A passing vehicle saved him. But not before losing his finger to a panga cut. Guess what, Chakava went ahead and released the novel, and thus made possible the beginnings of modern Gĩkũyũ language literature.

Henry Chakava

The late veteran publisher Henry Chakava during a past interview. He died on March 8, 2024.

Photo credit: File | Nation Media Group

He saved my writing career. And then he saved my life. In 1982, I had gone to London for the launch of Devil on the Cross, the English translation of Caitaani Mũtharabainĩ. I was due to return to Kenya when I got information that a “red carpet” awaited me at Jomo Kenyatta International Airport. Red signified blood. It was June 1982. I cancelled my flight back to Kenya. And thus began my life in exile.

I had no job in London and I had a family in Kenya to feed. Chakava saved the situation: he continued paying me royalties. Years later, I would learn that it was some intelligence from a foreign embassy in Nairobi who had passed on the threats to my life to Chakava. He passed the information to the late Ngũgĩ wa Mĩriĩ who passed on the news to me.

You would think that after this Chakava would want to avoid me like the plague. But no. Not Chakava. In 2004, I returned to Kenya after nearly 23 years of forced exile, for the launch of my second Gĩkũyũ language novel: Mũrogi wa Kagogo/Wizard of the Crow. The publishers had put me up in the very safe Norfolk Apartments, quite close to the Central Police Station.

Eleven days after, four armed assassins broke into my room. My wife and I barely escaped with our lives. We found refuge in Chakava’s house. Every evening for the duration of our stay in their house, a police vehicle, flashing red lights, would drive around his house. I would have understood if the Chakavas had asked us to leave. But they didn’t.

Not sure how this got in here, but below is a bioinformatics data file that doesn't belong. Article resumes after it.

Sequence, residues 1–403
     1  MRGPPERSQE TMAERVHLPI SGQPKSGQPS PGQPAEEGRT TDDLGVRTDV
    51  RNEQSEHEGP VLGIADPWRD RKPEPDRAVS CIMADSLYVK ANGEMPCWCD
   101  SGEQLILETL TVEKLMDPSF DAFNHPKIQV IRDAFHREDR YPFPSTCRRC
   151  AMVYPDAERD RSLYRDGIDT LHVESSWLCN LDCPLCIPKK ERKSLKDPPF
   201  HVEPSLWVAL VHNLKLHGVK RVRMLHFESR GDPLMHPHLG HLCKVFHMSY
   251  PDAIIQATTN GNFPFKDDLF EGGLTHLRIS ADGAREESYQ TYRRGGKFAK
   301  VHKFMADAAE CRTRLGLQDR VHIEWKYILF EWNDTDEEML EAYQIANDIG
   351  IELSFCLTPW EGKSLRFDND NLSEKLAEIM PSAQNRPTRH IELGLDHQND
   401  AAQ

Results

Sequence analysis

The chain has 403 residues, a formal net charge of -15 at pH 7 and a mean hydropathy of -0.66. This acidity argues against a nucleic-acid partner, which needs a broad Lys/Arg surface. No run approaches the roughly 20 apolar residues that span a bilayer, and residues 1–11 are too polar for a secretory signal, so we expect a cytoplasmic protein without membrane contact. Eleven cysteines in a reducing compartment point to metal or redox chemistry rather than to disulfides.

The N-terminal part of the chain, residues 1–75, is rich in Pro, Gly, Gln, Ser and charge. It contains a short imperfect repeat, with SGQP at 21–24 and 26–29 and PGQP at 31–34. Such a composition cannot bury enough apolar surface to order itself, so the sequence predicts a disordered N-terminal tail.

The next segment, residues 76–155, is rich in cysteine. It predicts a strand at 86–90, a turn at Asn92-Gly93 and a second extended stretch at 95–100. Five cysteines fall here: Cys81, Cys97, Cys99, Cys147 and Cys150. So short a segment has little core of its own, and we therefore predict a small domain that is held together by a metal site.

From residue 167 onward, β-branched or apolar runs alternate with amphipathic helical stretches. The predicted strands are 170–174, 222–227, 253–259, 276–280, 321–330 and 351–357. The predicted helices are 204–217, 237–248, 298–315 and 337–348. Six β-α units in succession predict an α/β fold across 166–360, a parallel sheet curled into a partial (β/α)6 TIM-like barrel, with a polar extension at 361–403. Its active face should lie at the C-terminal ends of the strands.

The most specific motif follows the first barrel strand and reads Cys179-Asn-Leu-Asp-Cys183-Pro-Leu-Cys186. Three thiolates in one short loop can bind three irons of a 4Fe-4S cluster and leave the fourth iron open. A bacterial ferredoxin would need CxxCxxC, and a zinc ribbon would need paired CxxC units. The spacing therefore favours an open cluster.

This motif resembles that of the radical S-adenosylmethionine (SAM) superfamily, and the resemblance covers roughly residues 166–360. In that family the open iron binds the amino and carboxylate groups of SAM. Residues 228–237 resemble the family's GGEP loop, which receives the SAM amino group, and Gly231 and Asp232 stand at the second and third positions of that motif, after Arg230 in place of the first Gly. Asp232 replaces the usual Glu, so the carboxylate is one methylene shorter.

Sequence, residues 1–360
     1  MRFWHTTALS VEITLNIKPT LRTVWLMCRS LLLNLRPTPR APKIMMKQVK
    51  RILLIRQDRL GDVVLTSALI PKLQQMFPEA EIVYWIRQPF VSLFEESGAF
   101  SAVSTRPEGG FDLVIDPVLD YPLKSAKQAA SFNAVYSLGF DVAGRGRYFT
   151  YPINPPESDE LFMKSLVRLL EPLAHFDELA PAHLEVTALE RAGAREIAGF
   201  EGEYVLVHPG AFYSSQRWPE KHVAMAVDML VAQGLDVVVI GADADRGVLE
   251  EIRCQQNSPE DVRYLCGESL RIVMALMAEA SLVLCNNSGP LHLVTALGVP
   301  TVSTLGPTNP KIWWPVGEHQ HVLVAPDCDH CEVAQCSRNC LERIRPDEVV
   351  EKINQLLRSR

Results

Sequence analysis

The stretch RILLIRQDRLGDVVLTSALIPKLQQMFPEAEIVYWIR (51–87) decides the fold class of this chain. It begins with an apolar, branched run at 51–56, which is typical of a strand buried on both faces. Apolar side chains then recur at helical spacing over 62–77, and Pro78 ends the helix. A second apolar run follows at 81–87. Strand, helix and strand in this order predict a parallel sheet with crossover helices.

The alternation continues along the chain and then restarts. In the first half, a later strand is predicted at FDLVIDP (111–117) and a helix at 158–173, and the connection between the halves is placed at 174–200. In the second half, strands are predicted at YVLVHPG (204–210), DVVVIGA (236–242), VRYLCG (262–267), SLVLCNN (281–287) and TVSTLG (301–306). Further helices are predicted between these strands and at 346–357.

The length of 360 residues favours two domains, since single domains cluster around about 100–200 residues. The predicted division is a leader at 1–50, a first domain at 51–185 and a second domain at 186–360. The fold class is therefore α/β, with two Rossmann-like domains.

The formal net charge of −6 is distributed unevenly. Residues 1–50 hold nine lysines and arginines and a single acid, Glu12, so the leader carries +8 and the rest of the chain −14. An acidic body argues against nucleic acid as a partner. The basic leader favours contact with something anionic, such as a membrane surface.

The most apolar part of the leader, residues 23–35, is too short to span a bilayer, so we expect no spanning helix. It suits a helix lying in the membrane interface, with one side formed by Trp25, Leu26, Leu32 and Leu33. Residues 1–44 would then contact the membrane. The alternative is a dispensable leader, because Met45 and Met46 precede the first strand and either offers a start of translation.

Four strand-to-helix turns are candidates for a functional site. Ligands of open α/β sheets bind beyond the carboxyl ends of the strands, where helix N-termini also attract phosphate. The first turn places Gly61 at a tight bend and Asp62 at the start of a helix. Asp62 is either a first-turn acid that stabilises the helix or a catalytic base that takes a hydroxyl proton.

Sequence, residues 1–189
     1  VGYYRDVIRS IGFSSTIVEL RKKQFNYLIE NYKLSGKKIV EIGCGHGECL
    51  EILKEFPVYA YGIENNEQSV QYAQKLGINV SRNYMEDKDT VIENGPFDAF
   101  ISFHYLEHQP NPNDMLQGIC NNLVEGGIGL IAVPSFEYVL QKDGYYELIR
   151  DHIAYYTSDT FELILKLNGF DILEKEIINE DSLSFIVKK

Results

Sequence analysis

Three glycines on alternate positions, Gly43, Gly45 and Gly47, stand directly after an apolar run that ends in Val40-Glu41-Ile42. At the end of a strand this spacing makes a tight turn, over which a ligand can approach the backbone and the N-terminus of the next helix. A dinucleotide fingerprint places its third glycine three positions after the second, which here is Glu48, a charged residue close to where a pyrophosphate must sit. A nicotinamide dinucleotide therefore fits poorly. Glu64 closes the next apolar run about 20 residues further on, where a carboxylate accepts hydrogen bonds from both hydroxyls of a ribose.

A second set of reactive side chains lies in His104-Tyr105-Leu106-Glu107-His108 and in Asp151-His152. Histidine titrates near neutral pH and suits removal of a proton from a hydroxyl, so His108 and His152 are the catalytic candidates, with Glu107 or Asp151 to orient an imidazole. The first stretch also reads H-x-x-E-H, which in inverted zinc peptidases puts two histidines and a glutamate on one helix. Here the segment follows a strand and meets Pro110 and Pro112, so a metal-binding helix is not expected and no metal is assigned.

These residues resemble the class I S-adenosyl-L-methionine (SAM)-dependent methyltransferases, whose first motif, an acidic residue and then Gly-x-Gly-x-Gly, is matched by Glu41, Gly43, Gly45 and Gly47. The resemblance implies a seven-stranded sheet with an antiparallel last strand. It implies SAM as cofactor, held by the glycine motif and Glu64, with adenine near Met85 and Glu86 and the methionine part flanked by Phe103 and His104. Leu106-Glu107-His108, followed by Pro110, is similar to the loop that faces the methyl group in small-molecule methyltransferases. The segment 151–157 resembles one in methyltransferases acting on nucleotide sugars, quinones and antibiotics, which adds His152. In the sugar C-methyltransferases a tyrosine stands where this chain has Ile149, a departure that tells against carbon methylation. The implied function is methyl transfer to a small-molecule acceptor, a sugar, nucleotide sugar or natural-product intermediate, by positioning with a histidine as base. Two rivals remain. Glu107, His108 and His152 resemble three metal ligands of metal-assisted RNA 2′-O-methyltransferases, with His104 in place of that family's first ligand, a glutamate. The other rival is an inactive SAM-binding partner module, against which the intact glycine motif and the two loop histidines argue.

Later, whenever I visited Kenya, I would feel safe only in Chakava’s. He and his wife, Rosalind, became my guardian angels. Rosalind embraced me fully with sumptuous meals that always begun with prayers. Food for the body. Food for the Soul. That was Rosalind. And Chakava spiced the meals with intellectual diet.

He and I suffered from kidney failure. And both of us, publisher and writer, would sometimes be on wheelchairs. We often exchanged information about our dialysis experience and about good diet for kidneys.

We had a meeting of minds, and in 2017 and 2018 he sponsored my nationwide tour to promote books in indigenous languages spoken in Kenya. I can recall going to Kilifi to promote Kigiryama, to Kisii to promote Ekegusii, Maseno to promote Dholuo and Kitui to promote Kikamba, among other regions. Apart from these books which he published at EAEP, he had started a Chakava imprint for books in Lologooli, his mother tongue, thus joining the company of Bosibori Obuchi, who has already published many books in Ekegusii, and the Senegalese Boris Bubacar Diop who publishes books in Wolof. Chakava sent me a copy of Limenya liu Mulogooli.

This giant of man walked among us but always with humility, never conscious of his size. I hope the government and universities in Kenya will accord him the national honour he deserves. Whatever the case, he will always live in the hearts of millions in Kenya, Africa and the world.

But for me, he will always remain my friend, my student, my publisher, my saviour.